After 37 years of hunting down vintage equipment, the USS KIDD welcomes the last major piece missing to restore the ship’s 1945 look. A blast shield arrives in downtown Baton Rouge at the end of October to complete one of only four remaining Fletcher-class destroyers.
“People will now be able to see KIDD for the first time exactly as she appeared to those celebrating war’s end in 1945,” said Tim NesSmith, Ship Superintendent for the USS KIDD Veterans Museum, said in the press release.
The ongoing project is like putting together a jigsaw puzzle. Placing that final piece makes you feel accomplished and satisfied. Finally, the image is whole and looks fabulous.
Well, KIDD staff members and volunteers are about to experience that satisfaction, but on a much larger scale. They will put the finishing touches on a piece of restored American history.
But what is a blast shield and why is it significant?
“Atop the torpedo tubes, a blast shield enclosed the three crewmen stationed there and protected them from the concussion of the 5”/38-caliber gun immediately behind them,” said NesSmith. “KIDD’s was removed during the Cold War. We’ve always kept an eye out for one and collected data for the day we could fabricate one if an original couldn’t be found.”
The search for vintage equipment like the blast shield has been going on since the destroyer’s arrival to Baton Rouge in 1982.
Guns came from The Netherlands; depth charges from Turkey. Letters went out to foreign navies that inherited ships like KIDD after WWII. But no one had word of a torpedo blast shield.
Also, check this out: History comes to life at the USS KIDD’s annual Living History Weekend
“There are only two that we know of,” NesSmith continued. “Both already in museums.”
So, pickings were slim.
In 2010, the the last operating Fletcher-class destroyer like KIDD was scrapped in Mexico. Those at the USS KIDD took notice. They gathered measurements and photos of the ship’s two remaining shields, thanks to the National Park Service at USS CASSIN YOUNG in Boston and the National Museum of the Pacific War in Fredericksburg, Texas.
Then, volunteer Greg Shears entered the story.
Shears was a destroyer veteran, but now he works in aviation. Also, he volunteers at the veterans museum’s Field Days.
Shears took an interest in the puzzle and blast shield project. Additionally, he visited the one in Fredericksburg to help document it. Finally, he reached out to Advance Fabrication, LLC, of Litchfield Park to see if they could create a replica.
The folks at Advance agreed to do the job at-cost and rallied other companies in the Phoenix area to do the same or provide a discount. Businesses like Lil’ Red Wagon Welding, LLC, Superior Metal Forming and Glendale Steel Supply followed the project. Even PPG Industries, which provides discounts to historic ships nationwide, joined in the effort.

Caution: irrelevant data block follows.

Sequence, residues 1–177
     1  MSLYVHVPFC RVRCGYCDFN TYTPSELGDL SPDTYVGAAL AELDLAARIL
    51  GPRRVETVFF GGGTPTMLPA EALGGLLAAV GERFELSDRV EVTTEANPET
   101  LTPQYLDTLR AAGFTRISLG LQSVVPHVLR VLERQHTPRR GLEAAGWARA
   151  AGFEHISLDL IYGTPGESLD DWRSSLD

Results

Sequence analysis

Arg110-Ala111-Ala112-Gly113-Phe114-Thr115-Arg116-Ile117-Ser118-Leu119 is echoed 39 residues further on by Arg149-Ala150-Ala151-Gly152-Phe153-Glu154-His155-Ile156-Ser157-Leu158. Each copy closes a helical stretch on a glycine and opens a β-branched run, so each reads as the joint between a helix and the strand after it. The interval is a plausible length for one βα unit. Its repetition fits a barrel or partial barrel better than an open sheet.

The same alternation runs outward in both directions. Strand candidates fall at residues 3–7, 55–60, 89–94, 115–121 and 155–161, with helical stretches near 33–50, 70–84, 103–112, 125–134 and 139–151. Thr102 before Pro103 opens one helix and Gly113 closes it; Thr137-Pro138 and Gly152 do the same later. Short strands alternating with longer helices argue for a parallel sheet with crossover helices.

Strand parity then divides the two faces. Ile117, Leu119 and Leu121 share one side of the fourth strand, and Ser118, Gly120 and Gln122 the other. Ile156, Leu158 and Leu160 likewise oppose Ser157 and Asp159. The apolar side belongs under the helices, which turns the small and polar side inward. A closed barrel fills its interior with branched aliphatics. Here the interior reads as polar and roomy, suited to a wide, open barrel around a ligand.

Obviously, many were determined to complete this giant jigsaw puzzle. But, the cost of completing the project started adding up.
Even at-cost and with discounts, the project had a tidy sum: approximately $10,000.
Kindly, Shears and his wife Carol donated $5,000. Then, Abbeville native and longtime KIDD supporter James Landry matched that amount.
So, the money came into place! However, getting the replica battle shield from Arizona to Baton Rouge proved to be another obstacle.
Also, you might like: Denham Springs Vietnam Veteran honored with deer hunt of a lifetime
Luckily, Beryl and Elaine Shears of Western Pilot Service in Phoenix handle the transportation. And, upon availability, McKinney Salvage, LLC, will lift the piece aboard ship via a crane barge at no cost.
Those at the KIDD hope the lift and installation coincides with this year’s Fall Field Days.
“As one of only four remaining Fletcher-class destroyers of 175 constructed, USS KIDD continues to amaze visitors with her historic authenticity,” said incoming USS KIDD Executive Director Rosehn Gipe. “We are delighted that this group of volunteers has worked together to fund and re-create the torpedo blast shield.”
The Historic Naval Ships Association recognizes the USS KIDD as one of the most accurately restored vessels in a fleet of 188 ships located in 13 nations spanning five continents.
The target date for this ship’s appearance is August 14, 1945: Victory over Japan Day. It almost seems perfect that the torpedo blast shield joins the KIDD as the 75th anniversary of World War II’s end approaches in 2020.
Just as their ship’s crew did back then, the KIDD team can—for this particular project—finally claim, “Mission Accomplished.”